How ETFs are changing the landscape

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Institutional investors tend to be sceptical of the benefits of ETFs. ETFs have a wide spread, which can challenge an investor’s position. But increasingly they are being used for tactical purposes. BetaShares is setting the pace with new ETF offerings.

Martin Currie Investment Management is the latest in the new BetaShares list, totalling 53 ETFs. BetaShares runs a total of $7.5 billion. It is the fourth ETF with BetaShares for Legg Mason, the multi-affiliate parent of Martin Currie. The latest product is for Martin Currie’s highly rated emerging markets strategy.

Talking to the investors in ETFs, including big super funds, the ETFs we see now are not the liquid passive, and often expensive, investments of the past. According to Alex Vynokur, the chief executive of BetaShares, the strong trend for new ETFs is for active strategies – both equities and fixed income – but the passive funds still attract most of the money. “We are seeing a lot of interest from financial advisors, though, who want to blend active and passive strategies,” he said last week. “Our view is that there is definitely room for both.”

BetaShares has been the most prolific of the facilitators bringing institutional-quality strategies to the listed market, either with LICs and LITs or ETFs. The ASX has made listing such products a lot easier than it was previously and investors, particularly individuals through SMSFs, have lapped them up.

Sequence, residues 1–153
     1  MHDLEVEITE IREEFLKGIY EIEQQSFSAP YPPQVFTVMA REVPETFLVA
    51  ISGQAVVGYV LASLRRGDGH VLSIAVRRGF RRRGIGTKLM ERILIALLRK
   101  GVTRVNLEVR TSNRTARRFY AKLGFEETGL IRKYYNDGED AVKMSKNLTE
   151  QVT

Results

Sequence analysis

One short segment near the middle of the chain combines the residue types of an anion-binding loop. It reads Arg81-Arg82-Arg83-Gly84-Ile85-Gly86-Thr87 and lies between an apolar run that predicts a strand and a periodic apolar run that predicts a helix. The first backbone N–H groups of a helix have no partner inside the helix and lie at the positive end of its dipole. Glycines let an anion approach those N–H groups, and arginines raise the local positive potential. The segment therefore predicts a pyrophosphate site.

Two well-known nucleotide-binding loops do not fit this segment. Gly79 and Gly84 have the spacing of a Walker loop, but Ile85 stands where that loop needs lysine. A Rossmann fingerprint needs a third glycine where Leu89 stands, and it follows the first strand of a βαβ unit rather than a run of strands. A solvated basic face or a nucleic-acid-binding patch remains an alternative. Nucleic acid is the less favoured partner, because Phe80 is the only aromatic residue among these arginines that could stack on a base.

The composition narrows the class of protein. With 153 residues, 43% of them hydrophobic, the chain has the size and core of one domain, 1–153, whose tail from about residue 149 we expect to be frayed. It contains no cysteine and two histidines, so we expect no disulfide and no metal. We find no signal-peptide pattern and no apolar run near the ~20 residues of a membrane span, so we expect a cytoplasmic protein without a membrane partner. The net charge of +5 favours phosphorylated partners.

“We want to make sure we bring something of value to the market,” Vynokur said. “We really do partner with our managers, like Legg Mason. We think we have complementary skills. Our strengths are our ETF infrastructure, the education we do with customers and investors and our distribution… We want to continue to bring new products to the market.”

While BetaShares believes it can bring a new ETF to the market quicker than anyone else, given ASX and ASIC backlogs, it does have its own queue of managers in the wings. “We have literally dozens of firms talking with us,” Vynokur said. “We have been doing this for nine years now and I think we can do it very well.”

The Martin Currie active ETF for emerging markets is run out of the firm’s head office in Edinburgh and has been invested in by Australian institutional investors for many years (see separate report for the firm’s latest market commentary).

BetaShares publishes an interesting monthly review of the exchange-traded product market. This is the latest edition.

– G.B.

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